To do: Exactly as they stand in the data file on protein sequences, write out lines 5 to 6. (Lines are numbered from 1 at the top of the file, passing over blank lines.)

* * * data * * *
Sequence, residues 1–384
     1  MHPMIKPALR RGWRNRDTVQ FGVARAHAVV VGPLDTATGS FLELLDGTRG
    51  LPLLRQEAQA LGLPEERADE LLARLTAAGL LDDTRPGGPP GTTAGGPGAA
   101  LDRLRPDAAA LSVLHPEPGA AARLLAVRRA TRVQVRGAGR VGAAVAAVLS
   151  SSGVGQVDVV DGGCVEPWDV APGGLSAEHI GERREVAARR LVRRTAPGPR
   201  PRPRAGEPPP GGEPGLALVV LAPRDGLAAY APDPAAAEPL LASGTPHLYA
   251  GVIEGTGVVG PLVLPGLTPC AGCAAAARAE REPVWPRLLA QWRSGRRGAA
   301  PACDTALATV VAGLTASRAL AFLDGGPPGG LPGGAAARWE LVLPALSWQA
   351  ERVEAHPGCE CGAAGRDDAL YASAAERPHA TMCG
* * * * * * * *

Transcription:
   151  SSGVGQVDVV DGGCVEPWDV APGGLSAEHI GERREVAARR LVRRTAPGPR
   201  PRPRAGEPPP GGEPGLALVV LAPRDGLAAY APDPAAAEPL LASGTPHLYA